Russian President Vladimir Putin denied on Thursday that the Russian state had ever engaged in election hacking, but conceded it is theoretically possible some individual "patriotic" Russians could have mounted cyberattacks during the current strain between Russia and the West.

Speaking to foreign reporters at an economic forum in St. Petersburg, the Russian leader also said the “Russo-phobic hysteria” makes it “somewhat inconvenient to work with one another or even to talk.”

“It’s having an impact, and I’m afraid this is one of the goals of those who organize it are pursuing and they can fine-tune the public sentiments to their liking trying to establish an atmosphere that is going to prevent us from addressing common issues, say with regard to terrorism,” the Russian leader said.

As for President Trump, Putin said he views the new American leader as a "straight person and a frank person," Bloomberg news reports.

“He can’t be put in the same category as normal politicians. I see that as an advantage. He has a fresh set of eyes.’’

Putin noted that the the two leaders had only talked by phone and that it is difficult to form an opinion from a distance. Putin and Trump plan to meet for the first time at the G-20 summit in Hamburg in July.

“How can you be friends with someone you don’t know?’’ Putin said, according to Bloomberg. “I don’t think he can call me a friend. We have never seen each other in person.’’

As for the strains between Russia and the West, Putin predicted “this will end, sooner or later,” adding that “we are patient, we know how to wait and we will wait.”

He rejected charges by U.S. intelligence agencies, however, that Russia hacked into Democratic Party emails, helping Trump’s election victory.

“I’m deeply convinced that no hackers can radically influence another country’s election campaign,” he said. “No hackers can influence election campaigns in any country of Europe, Asia or America.”

He also emphasized that the Russian state had never engaged in such hacking, but acknowledged it is possible that tensions between Rusia and the West could have provoked some individuals to mount cyberattacks.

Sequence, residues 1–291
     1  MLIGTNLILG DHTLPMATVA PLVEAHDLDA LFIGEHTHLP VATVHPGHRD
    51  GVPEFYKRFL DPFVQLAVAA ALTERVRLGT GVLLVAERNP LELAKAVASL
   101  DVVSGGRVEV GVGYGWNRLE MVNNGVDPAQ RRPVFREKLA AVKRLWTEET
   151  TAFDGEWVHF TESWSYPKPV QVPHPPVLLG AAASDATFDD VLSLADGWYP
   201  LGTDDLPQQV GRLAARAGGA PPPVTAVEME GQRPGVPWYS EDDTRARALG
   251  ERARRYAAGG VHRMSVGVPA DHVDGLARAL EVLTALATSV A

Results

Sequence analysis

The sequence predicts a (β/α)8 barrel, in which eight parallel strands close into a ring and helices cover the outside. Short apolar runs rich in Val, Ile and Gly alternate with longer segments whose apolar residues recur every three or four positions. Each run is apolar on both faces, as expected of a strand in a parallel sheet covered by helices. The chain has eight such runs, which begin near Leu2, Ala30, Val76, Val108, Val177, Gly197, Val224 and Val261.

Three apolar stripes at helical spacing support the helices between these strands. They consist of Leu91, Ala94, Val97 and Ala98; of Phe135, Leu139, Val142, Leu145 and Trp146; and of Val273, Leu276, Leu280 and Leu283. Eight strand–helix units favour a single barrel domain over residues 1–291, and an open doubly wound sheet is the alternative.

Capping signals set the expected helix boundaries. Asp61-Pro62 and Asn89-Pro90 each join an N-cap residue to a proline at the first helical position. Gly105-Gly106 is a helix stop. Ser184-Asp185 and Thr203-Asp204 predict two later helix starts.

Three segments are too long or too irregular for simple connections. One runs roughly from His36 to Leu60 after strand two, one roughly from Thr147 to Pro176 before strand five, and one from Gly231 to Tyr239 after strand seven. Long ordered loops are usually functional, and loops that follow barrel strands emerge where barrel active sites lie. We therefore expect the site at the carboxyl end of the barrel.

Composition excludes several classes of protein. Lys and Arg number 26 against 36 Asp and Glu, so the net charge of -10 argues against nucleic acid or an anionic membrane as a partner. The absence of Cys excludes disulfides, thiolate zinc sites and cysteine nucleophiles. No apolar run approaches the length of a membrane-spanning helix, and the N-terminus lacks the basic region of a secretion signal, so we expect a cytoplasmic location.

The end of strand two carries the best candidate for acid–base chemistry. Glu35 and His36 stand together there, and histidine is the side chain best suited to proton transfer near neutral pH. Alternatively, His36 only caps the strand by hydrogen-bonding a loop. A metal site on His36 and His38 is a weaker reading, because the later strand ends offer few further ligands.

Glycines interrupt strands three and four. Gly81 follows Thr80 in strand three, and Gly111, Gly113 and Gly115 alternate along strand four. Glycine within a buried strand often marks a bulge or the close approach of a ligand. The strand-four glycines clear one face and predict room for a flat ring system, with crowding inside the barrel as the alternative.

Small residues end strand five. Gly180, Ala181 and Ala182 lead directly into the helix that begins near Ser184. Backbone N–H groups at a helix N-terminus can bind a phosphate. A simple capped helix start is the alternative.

“If they have patriotic leanings, they may try to add their contribution to the fight against those who speak badly about Russia,” he said. “Theoretically it’s possible.”

In any case, Putin shrugged off Western economic restrictions against Russia over its annexation of Crimea and over allegations of hacking, saying they have had “zero effect.” He predicted that the current strain in relations will ease, because “it’s counterproductive and harmful.”

Regarding pressing international issues, Putin complained about NATO encroaching on Russia.

"NATO bases are moving closer to our western borders and the infrastructure is moving closer, incidents are increasing and do we have simply to sit weak-willed and look at this? No, this will not be the case and we are responding accordingly. The same is taking place in the East," he said.

He also expressed concern over the U.S. placing anti-missile defenses in South Korea, ostensibly to counter threats from North Korea. He said this is "undermining the strategic balance in the world."

Putin said the U.S. will likely continue to build up its missile shield in the region even if North Korea agrees to curb its nuclear and missile programs. This is a challenge for us," the Russian leader said.

Regarding the Far East, Putin said Russia’s military deployments on a group of Pacific islands also claimed by Japan are driven by Kremlin concerns over the U.S. military buildup in the region.

The four islands, called the Northern Territories in Japan and the southern Kurils in Russia, were seized by the former Soviet Union at the end of the World War II, preventing the two countries from signing a peace treaty.

Contributing: Associated Press